“People want multiple investment and trading styles. For example, some customers want their core investment in low cost ETFs but want to trade around the outside of those with 15% alpha generators, hence we see that nobody wants to stick to one type of trade. They want cost, transparency and value for money” – Adam Reynolds, CEO APAC, Saxo Bank
For a considerable amount of time, beginning very shortly after the rise to popularity of third party platforms such as MetaTrader which paved a very easy route to market for a litany of retail FX firms, the sales channel has been structured in such a way that strategic partners, such as introducing brokers (IBs), have been key components.
The rise to prominence of highly professional introducing brokers over the years has led to a highly developed network globally, which has not only refined the ability to localize whilst reducing operational costs but also has replaced the organic sales channel in some cases.
Many brokerages have placed continued emphasis on IBs over the past decade, however the general consideration of an IB is that of either a portfolio management company that uses an automated trading system (usually an Expert Advisor, or trading robot) to attach customer accounts to a MAM terminal, or retail IBs that refer their network of self-directed traders to a brokerage.
Both are proven models and are indeed not only here to stay but increasing in numbers and utilization.
One method of onboarding that is often overlooked by FX firms is the emergence of hedge funds that are not based in their traditional heartlands, those being the magnificent post-Georgian buildings surrounding the verdant grasslands of St James Park in London’s West End.
Hedge Fund operators in London are as traditional as they are established. An old Etonian or Harrovian tie marks out the maximum level of rivalry that would ever come to the surface during gentlemanly discussions at the RAC Club about alternative investment funds, conducted in the most appropriate Received Pronunciation Queen’s English.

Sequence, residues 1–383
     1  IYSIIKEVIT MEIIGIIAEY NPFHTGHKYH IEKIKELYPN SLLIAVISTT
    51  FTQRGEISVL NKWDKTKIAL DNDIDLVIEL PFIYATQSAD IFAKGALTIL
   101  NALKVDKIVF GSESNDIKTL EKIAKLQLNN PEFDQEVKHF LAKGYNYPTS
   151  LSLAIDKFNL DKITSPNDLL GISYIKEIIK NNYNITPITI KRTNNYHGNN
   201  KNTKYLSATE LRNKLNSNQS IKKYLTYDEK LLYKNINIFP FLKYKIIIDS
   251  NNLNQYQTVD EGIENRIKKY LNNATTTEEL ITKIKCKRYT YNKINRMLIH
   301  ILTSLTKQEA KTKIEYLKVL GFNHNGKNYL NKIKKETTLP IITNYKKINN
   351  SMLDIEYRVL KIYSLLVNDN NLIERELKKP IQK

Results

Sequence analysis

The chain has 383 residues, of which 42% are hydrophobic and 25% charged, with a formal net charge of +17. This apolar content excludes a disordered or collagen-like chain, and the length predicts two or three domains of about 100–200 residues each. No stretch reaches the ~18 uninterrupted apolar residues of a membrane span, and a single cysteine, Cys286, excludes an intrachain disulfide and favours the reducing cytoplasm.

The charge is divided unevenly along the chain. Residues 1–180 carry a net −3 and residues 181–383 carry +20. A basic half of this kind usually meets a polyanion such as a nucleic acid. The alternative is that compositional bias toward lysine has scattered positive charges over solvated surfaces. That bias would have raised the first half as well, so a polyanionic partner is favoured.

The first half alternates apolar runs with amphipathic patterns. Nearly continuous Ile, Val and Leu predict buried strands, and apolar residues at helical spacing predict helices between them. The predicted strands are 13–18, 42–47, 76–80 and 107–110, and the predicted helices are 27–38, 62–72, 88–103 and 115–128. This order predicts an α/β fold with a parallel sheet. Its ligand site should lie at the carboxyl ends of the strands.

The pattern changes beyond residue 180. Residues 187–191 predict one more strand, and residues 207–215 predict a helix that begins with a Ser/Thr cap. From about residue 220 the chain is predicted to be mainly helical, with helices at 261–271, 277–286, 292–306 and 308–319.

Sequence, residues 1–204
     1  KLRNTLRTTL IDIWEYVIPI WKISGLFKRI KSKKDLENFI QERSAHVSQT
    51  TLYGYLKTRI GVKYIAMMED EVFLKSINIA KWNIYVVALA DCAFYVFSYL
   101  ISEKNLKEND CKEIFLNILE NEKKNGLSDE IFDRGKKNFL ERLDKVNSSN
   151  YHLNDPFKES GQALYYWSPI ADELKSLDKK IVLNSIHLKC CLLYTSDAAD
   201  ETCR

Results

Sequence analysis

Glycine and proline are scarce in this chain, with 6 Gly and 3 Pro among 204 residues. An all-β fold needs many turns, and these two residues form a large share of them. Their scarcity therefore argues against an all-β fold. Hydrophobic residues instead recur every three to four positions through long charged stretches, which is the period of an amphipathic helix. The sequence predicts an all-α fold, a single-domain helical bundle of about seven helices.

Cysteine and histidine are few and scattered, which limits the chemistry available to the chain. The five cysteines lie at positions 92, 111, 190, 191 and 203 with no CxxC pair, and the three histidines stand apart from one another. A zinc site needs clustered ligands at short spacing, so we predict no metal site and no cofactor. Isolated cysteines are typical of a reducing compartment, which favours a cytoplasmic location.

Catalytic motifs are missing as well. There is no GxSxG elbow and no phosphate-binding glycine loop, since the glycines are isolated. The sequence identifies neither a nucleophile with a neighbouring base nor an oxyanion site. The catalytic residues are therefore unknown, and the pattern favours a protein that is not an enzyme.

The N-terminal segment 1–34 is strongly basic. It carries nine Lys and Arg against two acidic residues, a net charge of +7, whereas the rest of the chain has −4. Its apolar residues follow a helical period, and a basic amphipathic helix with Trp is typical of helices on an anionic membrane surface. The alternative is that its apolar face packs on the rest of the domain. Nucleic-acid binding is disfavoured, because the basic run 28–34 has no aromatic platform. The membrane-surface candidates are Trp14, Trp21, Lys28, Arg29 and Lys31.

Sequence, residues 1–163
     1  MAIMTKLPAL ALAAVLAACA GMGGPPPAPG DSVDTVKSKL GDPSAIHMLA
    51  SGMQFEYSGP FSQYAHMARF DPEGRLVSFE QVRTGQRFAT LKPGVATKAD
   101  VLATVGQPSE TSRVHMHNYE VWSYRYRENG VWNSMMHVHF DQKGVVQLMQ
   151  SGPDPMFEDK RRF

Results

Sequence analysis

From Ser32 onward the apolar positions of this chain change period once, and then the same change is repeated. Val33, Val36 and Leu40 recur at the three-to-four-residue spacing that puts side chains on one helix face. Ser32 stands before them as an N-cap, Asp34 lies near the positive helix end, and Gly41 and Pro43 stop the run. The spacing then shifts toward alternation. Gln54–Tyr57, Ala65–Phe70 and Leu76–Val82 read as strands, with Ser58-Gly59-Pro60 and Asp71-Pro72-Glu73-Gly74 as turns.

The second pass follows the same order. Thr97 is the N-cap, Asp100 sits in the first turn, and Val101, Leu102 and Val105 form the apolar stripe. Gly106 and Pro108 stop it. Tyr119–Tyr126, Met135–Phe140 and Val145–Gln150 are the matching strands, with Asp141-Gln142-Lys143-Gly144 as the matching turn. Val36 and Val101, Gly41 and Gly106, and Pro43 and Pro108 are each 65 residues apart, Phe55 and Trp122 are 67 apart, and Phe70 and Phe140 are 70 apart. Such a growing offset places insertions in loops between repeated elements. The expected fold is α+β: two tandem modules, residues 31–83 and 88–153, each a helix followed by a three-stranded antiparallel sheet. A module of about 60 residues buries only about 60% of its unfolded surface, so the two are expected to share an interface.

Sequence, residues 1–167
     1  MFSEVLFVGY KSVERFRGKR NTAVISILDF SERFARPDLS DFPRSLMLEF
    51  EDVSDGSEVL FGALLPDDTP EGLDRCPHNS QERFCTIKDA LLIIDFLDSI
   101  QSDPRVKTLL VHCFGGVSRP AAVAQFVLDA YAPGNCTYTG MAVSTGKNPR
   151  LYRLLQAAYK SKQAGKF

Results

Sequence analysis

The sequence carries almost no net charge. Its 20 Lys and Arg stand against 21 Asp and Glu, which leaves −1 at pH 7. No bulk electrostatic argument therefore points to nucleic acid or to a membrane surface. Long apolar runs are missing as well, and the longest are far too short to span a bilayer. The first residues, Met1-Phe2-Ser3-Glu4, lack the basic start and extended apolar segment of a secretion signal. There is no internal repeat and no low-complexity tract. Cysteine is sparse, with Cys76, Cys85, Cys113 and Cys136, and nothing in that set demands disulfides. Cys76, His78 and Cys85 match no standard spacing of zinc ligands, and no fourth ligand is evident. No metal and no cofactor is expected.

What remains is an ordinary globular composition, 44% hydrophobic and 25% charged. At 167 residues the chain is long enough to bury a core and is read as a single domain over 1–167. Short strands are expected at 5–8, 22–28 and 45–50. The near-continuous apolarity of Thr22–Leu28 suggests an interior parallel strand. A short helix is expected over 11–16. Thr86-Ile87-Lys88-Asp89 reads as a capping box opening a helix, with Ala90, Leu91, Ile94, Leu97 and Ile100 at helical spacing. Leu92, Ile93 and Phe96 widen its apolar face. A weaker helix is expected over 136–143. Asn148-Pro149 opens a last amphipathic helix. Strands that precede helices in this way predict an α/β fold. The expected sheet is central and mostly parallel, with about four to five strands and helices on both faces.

Perhaps this mild-mannered yet aristocratic imagery that surrounds Britain’s private wealth managers is what puts off the retail FX brokerages from considering them to be equally important strategic partners.
It does not need to be like this, however, because hedge funds nowadays are not just the preserve of the cut-glass decanter lined wood paneled offices of Westminster’s SW1 postcode area.
They are now rapidly increasing in size in Asia, particularly within institutional centers which have been heavily influenced by British business and British banking institutions, such as Hong Kong and Singapore.
Singapore is a gateway to Malaysia, as it has tremendous similarities, hence the new middle classes, plus the Chinese wealth managers residing in Kuala Lumpur are maintaining managed funds in Singapore.
Hong Kong is China’s gateway to the global banking world, and its wealth management structure traditionally echoes that of London, but is now home to the last 20 years worth of new money from the mainland.
Yesterday, FinanceFeeds spoke to a brokerage in Europe which is beginning to look at onboarding hedge funds as B2B partners.
“The main sticking point is that many retail firms do not understand the institutional and professional FX business well enough to attract hedge funds” said a senior executive from the firm.
This is a commentary of great importance, especially bearing in mind that today, ESMA’s new rulings on leverage restrictions come into force, and by aligning with proprietary trading entities, this would not be an issue, yet it is for small retail accounts, hence large volumes could be processed without the bugbear of retail leverage restrictions. A double win, effectively.
“We just brought in a hedge fund in Asia, and are now adapting resources to handle it” said the senior executive. “I fully understand the value of this and we have to move our business forward to partner with professional trading entities and wealth managers with private funds” he said.
Some firms are already doing this, and are looking toward Asia, not Europe.
Recently in London, FinanceFeeds spoke to Meir Velenski, CEO of Velenski Financial Group, an executive with a very clear understanding of B2B partnerships.
“The main driver behind the European directive is simple, that being consumer investor protection. If we are to look at the main background to this directive, it is clear on what the regulators want to achieve, that being to stop retail electronic trading firms exploiting the man in the street” said Mr Velenski.
“Too often, the investor, trader and consumer has had very little recourse with the might and power of the financial instructions. Too many times has the trader or investor turned to providers and financial houses to complain about being mishandled or trades being wrongly booked, or positions being erroneously closed to name but a few and nothing happens.”